Peter Ranscombe was impressed by the dishes and décor in the recently revamped restaurant at Glasgow’s Malmaison hotel.
Few sights strike fear into the hearts of diners like a complicated wine list. Terms like “Bordeaux” and “Burgundy”, “tannins” and “length”, are bandied about as if everyone’s an expert – and that’s before anyone’s even glanced at the prices that sit alongside the complex descriptions.
Malmaison may have the answer. I read a lot of wine lists – and I mean a lot of wine lists – in my role as a drinks writer and I was very impressed with the new-look drinks menu at the hotel chain’s restaurant in Glasgow.
To begin with, the wines are organised into price brackets – starting at £20 and moving up in £5 increments to £45 – and, if we’re honest, the cost is going to be the deciding factor for most diners. A list of two or three short descriptions is then given for each wine, from “Clean acidity/Delicate aromas/Intense fruit” for The Oddity Royal Tokaji Dry Furmint from Hungary to “Refreshing/Peachy, apple & pear/IWC winner” for the Laurenz V Gruner-Veltliner from Austria.
I opted for an old friend: the 2016 Creation Wines Pinot Noir – “Elegant vanilla/Red berries” – from South Africa. Full of wood smoke, spun sugar, cloves and cinnamon on the nose, it morphed into complex and concentrated red cherry, cranberry and redcurrant on the palate and, at £45, was great value in a restaurant.
Plus, the Creation Pinot Noir was the ideal accompaniment for the tasty meal that followed the arrival of the wine list. After trying the Italian-style Altamura and French-inspired pain de campagne, I opted for the buttermilk fried chicken wings, which were fragrant, sticky and offered contrasting textures between the crunchy coating and soft meat.
The restaurant’s Signature Côte du Boeuf – a rib-eye steak cooked on the bone – was the star, perfectly cooked medium-rare. Chef is clearly a perfectionist; when the first chocolate fondant failed to rise, a second entered the oven – it was worth the wait, made with Valrhona chocolate from France and served with scrummy mint choc chip ice cream.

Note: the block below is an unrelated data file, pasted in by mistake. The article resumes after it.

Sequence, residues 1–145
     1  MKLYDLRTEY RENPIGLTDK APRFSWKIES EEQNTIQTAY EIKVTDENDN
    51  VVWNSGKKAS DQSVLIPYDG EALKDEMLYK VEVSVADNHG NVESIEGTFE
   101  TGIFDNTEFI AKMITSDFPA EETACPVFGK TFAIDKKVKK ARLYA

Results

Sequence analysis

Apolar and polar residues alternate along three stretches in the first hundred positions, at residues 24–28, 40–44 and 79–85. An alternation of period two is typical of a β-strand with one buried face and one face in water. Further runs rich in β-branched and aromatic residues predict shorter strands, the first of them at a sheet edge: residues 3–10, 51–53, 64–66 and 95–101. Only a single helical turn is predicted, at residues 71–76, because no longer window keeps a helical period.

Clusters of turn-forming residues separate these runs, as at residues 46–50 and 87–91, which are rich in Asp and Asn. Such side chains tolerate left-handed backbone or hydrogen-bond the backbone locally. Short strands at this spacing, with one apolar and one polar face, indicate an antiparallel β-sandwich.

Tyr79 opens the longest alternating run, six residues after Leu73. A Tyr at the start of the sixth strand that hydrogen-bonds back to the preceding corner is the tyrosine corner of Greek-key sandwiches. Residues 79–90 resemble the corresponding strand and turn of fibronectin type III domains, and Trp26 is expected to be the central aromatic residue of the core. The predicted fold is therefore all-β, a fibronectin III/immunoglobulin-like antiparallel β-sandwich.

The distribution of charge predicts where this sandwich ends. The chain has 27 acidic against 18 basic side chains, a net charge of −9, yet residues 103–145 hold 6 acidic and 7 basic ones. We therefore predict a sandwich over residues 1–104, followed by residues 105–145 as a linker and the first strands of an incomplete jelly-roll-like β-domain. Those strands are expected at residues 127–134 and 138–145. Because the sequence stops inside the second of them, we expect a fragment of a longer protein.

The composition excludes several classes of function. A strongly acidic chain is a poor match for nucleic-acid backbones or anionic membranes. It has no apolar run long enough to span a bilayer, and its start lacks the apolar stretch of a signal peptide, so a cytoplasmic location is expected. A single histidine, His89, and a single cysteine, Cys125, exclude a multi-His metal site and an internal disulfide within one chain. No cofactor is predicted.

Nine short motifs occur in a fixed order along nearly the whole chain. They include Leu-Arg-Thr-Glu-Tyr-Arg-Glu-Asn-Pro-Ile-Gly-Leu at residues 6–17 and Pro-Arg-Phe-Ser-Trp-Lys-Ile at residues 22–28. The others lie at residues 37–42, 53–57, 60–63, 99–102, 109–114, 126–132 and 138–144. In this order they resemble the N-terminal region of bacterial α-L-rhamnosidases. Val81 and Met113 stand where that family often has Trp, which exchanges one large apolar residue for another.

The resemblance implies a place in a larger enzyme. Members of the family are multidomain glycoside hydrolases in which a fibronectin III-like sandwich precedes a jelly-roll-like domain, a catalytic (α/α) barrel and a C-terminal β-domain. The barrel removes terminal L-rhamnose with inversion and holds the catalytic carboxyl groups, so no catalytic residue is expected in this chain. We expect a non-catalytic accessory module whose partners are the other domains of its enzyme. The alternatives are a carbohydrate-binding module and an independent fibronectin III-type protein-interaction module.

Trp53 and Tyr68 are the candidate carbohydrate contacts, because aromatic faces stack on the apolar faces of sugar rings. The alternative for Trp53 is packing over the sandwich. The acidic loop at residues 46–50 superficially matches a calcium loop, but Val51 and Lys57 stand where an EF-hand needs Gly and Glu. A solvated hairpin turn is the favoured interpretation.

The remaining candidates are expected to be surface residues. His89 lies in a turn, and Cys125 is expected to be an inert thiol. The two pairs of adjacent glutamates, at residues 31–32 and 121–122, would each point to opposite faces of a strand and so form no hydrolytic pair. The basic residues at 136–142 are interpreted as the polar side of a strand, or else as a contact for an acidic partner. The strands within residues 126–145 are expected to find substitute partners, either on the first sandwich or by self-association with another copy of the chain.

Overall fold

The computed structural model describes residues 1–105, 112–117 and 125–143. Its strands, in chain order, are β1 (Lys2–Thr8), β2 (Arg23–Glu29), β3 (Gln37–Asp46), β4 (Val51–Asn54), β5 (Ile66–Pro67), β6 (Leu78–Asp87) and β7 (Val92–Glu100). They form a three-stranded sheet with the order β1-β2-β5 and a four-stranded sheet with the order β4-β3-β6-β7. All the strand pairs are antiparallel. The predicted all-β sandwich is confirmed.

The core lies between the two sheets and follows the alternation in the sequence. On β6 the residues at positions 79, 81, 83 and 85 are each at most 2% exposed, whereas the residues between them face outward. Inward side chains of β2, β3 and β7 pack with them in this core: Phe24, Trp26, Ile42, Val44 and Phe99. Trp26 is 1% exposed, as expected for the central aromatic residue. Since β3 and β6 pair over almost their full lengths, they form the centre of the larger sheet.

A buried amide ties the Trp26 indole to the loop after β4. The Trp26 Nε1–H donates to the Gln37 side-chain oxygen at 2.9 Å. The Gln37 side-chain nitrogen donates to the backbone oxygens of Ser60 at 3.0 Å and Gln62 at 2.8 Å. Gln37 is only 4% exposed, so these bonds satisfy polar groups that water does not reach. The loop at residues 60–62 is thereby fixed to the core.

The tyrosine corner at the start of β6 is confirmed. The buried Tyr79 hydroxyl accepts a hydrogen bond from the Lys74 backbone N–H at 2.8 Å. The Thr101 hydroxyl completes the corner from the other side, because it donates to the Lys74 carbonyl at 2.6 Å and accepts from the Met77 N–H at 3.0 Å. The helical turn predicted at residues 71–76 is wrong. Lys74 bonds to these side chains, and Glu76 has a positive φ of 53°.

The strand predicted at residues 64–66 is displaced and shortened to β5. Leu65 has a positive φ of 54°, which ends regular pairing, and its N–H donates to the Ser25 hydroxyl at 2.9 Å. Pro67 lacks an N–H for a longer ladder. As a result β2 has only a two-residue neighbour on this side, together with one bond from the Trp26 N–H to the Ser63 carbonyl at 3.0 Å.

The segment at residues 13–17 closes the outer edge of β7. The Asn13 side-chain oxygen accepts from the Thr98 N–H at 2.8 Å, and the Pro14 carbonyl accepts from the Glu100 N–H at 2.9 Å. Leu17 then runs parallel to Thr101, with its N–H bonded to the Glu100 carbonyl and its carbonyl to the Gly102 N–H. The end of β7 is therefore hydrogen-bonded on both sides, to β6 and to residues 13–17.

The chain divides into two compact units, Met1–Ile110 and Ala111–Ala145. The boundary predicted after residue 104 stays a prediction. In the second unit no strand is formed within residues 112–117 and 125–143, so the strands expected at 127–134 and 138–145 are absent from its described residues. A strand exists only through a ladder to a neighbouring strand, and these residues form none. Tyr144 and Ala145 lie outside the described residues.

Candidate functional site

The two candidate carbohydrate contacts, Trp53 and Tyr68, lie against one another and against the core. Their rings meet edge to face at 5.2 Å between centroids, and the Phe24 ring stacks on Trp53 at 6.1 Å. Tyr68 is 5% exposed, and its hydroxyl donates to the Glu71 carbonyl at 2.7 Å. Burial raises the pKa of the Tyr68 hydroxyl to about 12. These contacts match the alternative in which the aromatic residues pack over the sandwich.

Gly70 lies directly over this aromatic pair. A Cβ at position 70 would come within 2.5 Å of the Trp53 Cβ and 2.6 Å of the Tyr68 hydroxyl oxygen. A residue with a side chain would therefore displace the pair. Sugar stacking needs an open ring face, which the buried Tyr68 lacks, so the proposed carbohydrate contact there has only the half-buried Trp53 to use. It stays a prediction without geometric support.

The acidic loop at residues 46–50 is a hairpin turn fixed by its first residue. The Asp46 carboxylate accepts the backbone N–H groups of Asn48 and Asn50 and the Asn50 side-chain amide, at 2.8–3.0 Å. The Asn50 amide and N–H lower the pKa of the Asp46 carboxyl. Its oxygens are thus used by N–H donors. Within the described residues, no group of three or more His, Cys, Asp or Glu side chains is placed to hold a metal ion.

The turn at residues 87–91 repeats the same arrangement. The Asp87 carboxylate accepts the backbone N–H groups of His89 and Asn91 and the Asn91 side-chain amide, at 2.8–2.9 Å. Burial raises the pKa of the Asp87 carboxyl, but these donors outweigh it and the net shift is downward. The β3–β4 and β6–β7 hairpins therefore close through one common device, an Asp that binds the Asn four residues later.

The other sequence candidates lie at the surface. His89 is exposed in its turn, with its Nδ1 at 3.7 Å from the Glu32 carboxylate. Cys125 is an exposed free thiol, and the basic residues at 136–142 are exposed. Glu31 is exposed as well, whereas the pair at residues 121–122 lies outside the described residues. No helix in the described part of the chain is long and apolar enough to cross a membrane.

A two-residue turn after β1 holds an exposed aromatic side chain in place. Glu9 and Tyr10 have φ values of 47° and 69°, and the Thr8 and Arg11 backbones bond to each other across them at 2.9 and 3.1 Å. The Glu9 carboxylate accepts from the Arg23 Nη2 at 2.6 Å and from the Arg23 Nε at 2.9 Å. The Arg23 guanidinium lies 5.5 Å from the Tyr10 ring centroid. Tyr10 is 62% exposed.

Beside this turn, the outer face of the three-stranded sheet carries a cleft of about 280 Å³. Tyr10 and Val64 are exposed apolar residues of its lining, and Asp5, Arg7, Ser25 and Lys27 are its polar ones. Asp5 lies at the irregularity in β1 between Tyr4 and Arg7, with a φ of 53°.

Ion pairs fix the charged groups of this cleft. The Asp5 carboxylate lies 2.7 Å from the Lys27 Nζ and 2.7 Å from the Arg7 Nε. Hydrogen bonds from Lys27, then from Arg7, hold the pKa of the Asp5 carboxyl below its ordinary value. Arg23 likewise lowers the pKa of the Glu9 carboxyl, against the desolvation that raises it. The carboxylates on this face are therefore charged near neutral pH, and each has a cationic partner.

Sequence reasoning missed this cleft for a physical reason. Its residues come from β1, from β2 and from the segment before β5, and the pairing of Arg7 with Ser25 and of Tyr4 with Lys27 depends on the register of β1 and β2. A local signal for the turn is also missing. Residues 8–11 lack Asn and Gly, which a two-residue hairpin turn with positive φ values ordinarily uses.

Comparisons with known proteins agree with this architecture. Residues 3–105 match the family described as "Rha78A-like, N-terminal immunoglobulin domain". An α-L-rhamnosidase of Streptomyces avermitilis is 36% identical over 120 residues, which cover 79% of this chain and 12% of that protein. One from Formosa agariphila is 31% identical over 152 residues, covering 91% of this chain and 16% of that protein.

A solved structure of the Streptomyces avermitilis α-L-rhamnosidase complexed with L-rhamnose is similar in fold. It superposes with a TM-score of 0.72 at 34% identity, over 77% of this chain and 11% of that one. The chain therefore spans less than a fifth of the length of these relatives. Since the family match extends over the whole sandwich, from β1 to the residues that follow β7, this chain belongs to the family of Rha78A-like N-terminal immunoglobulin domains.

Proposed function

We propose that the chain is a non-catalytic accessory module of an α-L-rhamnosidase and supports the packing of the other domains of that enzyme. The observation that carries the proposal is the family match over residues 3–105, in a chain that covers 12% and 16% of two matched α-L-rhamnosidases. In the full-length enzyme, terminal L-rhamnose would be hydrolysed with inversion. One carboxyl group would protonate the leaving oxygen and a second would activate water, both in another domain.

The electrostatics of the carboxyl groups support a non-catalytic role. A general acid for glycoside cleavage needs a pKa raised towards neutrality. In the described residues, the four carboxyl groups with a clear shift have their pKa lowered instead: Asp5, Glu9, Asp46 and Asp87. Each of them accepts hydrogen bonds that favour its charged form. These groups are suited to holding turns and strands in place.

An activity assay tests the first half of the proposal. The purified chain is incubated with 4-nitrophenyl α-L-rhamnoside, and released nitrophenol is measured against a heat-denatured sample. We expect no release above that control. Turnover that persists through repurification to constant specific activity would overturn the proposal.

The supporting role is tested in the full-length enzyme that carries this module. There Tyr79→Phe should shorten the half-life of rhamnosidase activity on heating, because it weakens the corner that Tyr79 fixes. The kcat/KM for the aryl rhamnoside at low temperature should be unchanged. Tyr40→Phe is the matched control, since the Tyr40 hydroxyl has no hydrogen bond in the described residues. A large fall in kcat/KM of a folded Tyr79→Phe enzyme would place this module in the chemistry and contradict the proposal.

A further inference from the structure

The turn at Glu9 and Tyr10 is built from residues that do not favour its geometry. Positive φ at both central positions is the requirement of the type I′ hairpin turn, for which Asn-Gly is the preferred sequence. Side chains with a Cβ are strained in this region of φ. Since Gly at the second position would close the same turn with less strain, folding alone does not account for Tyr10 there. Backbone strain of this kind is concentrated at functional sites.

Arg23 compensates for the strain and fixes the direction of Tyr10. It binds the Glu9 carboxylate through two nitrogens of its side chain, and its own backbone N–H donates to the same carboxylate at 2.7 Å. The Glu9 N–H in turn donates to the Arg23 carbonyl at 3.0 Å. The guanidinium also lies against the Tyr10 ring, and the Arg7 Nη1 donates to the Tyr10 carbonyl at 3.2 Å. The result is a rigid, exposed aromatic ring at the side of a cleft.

Last year, Malmaison’s hotel in Glasgow switched the design of its restaurant from “The Honours” – which was opened by Michelin-starred chef Martin Wishart in 2014 – to the “Chez Mal” brand already used at its other sites. The choices on the menu are excellent – especially on the seasonal fixed-price selection – but what was equally-impressive was the revamp of the restaurant’s décor, offering more light to see what you’re eating, which I remember being an issue.
Hopefully the refit will extend to the accommodation soon too; although my bedroom was well kitted out – four 13-amp sockets and another four USB charger slots above the desk are a travelling writer’s dream – the room was still just a few lumins short of being bright enough.
Despite the changes, Malmaison has done well to retain its trademark tongue-in-cheek humour: although I’d always prefer to see Scottish toiletries, when the products are called “The Best Shampoo You Will Ever Steal” and “Better Shower Gel Than You Have At Home” then I’ll chortle and turn a blind eye.
What still frustrates me though is when Scottish drinks aren’t in the room’s fridge. It’s especially galling because Malmaison’s bar stocks an impressive array of Scotch, plus beers from Brewdog.
Dinner, bed and breakfast in a double room at the Malmaison hotel in Glasgow starts from £149.
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